U.S. Tax Reform - Part 2 of 6
Tax Reform Becomes Reality: What Does It Really Mean For Canadians?
by Julia Klann
On December 22, 2017, President Trump signed into law the biggest change in US tax law in over 30 years. As the world processes the changes to the US tax system, most of which are effective January 1, 2018 (and some with retroactive effect), Canadians with ties to the US tax system are wondering what the implications of tax reform will mean to them.
This series outlines the top twelve changes in US tax law that Canadians, both businesses and individuals with connections to the US, should know. Part 1 discussed that for Canadian businesses eyeing a US expansion, the time to expand may be now. This segment will outline how that expansion should be financed.
• US Expansion Likely Should Not Be Funded With Debt
A popular method of funding expansion of a Canadian business into the US was typically in the form of debt. As the US operations generate profits, the US subsidiary typically would want to repatriate the profits back to Canada. The cost of repatriation of US profits in the form of a dividend distribution is a 5% withholding tax payable to the IRS. This withholding tax is typically a direct tax cost of the taxpayer given that the dividend distribution is usually not subject to tax in Canada as dividends from foreign affiliates engaged in an active business are typically exempt from Canadian taxation. As such, Canadian businesses would typically fund their US expansion via debt, as debt would allow the US subsidiary to repatriate profits back to Canada in the form of interest payments and loan repayments, both exempt from withholding tax.
The new rules tighten the ability of a US corporation to deduct interest expense. Although prior US tax law provided for a limitation in the deduction of interest expense, the rules were more generous than those in the newly enacted law.
In general, the new provisions provide that a US corporation will only have the ability to deduct interest expense to the extent of its interest income and 30% of its “adjusted taxable income”. Adjusted taxable income is taxable income with modifications for NOL deductions, depreciation, amortization and other items that may be prescribed under US Regulations. The goal is to essentially determine the amount of cash earnings a taxpayer has in a particular year. Of those earnings, 70% are to be invested back into the business, and therefore the US economy, while the remaining 30% can be used to pay interest to various creditors. Previous law also had a threshold for the deductibility of interest, but the limitation was 50% of adjusted taxable income.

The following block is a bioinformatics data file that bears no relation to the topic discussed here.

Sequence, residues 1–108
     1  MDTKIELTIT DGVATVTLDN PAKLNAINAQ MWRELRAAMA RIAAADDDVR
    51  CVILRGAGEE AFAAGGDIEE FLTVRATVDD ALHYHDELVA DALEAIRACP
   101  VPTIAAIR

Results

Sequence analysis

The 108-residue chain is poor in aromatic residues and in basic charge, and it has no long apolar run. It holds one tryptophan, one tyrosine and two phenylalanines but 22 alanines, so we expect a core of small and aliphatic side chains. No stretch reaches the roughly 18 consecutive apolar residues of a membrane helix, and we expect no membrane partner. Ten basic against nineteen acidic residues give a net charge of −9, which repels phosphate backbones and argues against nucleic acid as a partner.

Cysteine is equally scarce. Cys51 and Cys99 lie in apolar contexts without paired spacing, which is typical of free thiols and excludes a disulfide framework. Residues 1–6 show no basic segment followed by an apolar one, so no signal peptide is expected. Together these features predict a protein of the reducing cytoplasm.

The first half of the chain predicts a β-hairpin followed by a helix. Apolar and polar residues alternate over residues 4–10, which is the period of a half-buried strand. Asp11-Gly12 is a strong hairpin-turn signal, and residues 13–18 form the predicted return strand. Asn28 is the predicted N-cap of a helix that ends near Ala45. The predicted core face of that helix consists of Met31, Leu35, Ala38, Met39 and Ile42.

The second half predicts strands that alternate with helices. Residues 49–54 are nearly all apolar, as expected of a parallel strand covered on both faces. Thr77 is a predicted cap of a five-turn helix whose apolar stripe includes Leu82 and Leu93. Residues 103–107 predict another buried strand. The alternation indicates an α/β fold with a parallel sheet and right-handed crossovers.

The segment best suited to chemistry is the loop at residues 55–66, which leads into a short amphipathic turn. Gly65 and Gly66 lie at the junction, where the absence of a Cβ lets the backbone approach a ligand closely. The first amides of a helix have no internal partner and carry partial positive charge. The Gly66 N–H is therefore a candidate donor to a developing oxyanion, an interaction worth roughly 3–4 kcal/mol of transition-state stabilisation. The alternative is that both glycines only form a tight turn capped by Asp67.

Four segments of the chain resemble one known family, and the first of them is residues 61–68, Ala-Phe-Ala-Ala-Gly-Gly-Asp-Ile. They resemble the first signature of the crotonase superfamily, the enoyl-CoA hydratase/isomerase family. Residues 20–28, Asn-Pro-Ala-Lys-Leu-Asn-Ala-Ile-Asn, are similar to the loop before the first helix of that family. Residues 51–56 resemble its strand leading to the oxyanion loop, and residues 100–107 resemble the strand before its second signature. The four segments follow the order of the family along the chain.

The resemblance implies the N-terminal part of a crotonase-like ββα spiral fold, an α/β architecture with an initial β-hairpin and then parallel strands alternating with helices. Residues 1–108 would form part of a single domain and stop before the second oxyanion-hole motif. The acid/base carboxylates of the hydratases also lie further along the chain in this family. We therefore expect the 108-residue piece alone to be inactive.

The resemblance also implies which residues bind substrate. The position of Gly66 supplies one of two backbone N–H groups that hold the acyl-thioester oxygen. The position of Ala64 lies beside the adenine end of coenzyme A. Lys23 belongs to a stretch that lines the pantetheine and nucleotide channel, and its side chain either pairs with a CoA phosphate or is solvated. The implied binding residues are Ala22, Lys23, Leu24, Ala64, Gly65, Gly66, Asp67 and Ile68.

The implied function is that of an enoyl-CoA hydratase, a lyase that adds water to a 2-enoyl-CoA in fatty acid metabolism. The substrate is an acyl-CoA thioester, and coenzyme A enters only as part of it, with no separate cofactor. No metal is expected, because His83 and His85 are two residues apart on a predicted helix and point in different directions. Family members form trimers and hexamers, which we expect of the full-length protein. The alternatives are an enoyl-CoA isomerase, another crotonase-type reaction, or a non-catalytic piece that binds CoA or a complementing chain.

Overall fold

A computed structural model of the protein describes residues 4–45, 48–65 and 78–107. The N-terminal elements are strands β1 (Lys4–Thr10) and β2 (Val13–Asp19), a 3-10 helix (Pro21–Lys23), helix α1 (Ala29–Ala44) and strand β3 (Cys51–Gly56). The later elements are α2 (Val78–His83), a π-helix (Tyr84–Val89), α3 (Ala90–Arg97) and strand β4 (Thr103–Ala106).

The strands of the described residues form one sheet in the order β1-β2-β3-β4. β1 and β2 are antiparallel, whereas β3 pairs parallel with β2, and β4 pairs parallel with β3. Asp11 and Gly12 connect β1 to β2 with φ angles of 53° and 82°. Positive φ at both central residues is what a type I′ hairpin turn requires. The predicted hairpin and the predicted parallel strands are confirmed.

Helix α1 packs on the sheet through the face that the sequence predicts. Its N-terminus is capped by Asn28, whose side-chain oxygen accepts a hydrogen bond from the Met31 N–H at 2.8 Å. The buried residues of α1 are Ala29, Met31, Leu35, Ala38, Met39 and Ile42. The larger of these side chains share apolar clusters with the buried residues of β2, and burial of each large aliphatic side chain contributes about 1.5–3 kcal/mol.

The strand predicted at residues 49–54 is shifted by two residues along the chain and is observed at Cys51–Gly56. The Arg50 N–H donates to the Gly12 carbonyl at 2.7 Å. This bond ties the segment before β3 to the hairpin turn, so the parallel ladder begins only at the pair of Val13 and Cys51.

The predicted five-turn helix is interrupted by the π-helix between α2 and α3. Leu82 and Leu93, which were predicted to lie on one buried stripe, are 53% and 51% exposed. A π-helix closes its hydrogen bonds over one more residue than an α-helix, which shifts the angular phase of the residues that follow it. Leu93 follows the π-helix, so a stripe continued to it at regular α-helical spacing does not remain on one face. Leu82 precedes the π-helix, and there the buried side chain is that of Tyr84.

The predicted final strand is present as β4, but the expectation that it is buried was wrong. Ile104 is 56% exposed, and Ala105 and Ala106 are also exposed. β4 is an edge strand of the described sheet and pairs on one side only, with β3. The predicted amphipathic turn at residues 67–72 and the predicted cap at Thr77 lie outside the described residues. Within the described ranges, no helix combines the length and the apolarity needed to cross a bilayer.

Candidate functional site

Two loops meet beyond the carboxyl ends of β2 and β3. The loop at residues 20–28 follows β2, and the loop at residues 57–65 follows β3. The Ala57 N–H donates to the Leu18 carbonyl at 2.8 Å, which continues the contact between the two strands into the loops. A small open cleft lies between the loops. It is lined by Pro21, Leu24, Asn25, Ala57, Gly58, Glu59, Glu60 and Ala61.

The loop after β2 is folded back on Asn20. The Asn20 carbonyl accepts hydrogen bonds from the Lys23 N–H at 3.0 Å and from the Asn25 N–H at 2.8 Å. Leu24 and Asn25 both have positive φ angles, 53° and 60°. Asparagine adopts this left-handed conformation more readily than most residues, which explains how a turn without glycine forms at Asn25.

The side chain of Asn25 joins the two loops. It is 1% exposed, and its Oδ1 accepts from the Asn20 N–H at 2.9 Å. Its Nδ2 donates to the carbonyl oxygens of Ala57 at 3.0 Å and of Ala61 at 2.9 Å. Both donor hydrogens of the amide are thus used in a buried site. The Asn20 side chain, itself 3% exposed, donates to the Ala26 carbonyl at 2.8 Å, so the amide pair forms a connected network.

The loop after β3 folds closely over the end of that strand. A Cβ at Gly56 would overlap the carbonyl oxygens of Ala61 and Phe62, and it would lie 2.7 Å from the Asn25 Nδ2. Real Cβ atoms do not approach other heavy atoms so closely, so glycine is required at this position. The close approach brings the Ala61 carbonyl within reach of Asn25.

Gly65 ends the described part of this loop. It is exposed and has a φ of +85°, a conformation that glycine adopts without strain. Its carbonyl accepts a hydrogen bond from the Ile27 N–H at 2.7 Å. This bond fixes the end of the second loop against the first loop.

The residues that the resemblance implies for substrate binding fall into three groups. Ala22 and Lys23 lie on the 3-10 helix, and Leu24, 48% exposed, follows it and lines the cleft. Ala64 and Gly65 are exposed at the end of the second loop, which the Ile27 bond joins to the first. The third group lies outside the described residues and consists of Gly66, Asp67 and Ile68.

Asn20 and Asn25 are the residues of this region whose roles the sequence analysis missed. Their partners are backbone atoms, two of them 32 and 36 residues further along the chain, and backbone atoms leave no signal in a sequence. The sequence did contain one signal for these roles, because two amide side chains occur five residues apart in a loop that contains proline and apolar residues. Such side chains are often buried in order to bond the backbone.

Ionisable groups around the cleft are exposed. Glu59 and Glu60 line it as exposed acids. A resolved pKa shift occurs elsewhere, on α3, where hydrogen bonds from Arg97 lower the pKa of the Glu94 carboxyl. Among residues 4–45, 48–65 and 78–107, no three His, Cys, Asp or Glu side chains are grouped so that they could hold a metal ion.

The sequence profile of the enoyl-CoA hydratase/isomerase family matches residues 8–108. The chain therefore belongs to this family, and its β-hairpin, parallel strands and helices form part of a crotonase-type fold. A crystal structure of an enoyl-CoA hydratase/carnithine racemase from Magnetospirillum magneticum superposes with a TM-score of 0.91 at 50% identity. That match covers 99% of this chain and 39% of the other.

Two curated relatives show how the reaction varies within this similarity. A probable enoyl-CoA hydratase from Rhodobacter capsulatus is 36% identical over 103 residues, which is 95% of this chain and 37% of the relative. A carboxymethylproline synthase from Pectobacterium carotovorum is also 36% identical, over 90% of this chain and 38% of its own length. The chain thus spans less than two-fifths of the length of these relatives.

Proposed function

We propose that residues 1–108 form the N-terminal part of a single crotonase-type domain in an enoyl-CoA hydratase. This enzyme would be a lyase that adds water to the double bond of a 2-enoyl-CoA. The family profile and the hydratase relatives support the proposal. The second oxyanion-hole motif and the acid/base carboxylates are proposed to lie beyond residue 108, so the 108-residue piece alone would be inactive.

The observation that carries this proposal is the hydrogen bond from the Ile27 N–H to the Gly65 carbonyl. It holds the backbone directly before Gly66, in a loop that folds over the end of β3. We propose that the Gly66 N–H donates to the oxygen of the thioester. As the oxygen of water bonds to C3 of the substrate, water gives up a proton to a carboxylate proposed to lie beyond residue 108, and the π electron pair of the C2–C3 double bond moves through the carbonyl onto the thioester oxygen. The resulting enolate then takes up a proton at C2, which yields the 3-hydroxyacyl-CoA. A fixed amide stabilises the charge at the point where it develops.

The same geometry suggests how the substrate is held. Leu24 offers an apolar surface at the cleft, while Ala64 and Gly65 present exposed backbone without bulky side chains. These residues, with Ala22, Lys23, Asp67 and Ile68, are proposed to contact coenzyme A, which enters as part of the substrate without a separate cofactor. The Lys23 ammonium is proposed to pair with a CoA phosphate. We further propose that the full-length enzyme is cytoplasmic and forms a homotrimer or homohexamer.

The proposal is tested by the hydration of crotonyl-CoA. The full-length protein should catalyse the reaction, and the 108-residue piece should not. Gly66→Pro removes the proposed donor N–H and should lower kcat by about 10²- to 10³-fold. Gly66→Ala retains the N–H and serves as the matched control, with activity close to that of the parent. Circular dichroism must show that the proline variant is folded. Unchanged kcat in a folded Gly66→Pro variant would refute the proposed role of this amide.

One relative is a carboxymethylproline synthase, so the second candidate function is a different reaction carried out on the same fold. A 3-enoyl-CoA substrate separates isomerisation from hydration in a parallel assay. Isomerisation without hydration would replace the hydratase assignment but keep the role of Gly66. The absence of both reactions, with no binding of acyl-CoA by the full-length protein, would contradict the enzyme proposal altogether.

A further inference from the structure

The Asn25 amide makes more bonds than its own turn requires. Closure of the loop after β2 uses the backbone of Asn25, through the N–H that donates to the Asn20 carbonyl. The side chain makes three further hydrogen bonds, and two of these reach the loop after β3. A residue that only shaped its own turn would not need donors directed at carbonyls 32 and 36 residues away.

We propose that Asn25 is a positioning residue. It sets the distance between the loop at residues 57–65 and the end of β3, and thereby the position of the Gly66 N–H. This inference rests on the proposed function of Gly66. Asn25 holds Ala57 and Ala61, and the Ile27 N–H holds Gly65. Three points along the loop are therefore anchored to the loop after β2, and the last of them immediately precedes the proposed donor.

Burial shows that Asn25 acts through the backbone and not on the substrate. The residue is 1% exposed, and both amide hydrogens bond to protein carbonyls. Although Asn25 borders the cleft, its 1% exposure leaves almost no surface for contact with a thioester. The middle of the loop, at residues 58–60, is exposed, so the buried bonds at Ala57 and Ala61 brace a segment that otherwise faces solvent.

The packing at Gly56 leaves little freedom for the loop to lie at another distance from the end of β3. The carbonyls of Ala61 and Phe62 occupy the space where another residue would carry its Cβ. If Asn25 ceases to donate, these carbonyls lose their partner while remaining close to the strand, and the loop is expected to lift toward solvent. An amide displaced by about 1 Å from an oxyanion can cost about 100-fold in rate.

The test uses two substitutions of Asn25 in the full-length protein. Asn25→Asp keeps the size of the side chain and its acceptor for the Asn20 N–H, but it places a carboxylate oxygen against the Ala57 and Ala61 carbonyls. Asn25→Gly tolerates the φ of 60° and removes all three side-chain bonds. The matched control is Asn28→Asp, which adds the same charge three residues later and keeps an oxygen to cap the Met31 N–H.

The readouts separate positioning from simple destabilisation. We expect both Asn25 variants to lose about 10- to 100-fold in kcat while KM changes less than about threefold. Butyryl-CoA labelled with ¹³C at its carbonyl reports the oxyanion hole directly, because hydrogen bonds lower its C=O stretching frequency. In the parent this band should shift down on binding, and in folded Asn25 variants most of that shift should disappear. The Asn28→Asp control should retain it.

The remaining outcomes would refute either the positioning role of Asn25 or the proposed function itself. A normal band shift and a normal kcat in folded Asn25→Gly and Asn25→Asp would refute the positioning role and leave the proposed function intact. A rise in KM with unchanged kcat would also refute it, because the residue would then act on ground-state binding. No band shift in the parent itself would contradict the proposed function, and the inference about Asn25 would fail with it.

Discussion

The other significant change to the interest deductibility rules is the application of the provision to all interest expense. The new rules require that all of a taxpayer’s interest expense is subject to the limitation described above, not just interest payable to a related party or guaranteed by a related party as it had been in the past. Given the 30% limitation, taxpayers may not be able to deduct their full interest expense. As such, the combination of debt vs. equity investment in the US may need to be reconsidered by some Canadian businesses with significant US debt.
• Small Businesses Get Tax Breaks
There are relieving provisions for small businesses in the new legislation. In the past, most, if not all, US corporations would be subject to all of the various rules and restrictions on deductions under the Internal Revenue Code (IRC), regardless of their size. The new law provides for a small business carve out for many provisions, including the limitation on interest expense deductibility described above. In addition, small businesses do not have to comply with the inventory uniform capitalization provisions of IRC §263A, which can be quite cumbersome for corporations, nor do they necessarily have to use an accrual method of accounting or the percentage of completion method for reporting income from long-term contracts.
A small business is defined under tax reform to be a corporation that has less than $25M in gross receipts on average for the preceding three years. As such, many small businesses should have simpler reporting obligations than in the past.
The third segment of this series will discuss expanded filing requirements for US corporations with related parties, and the penalties for failure to file. Stay tuned.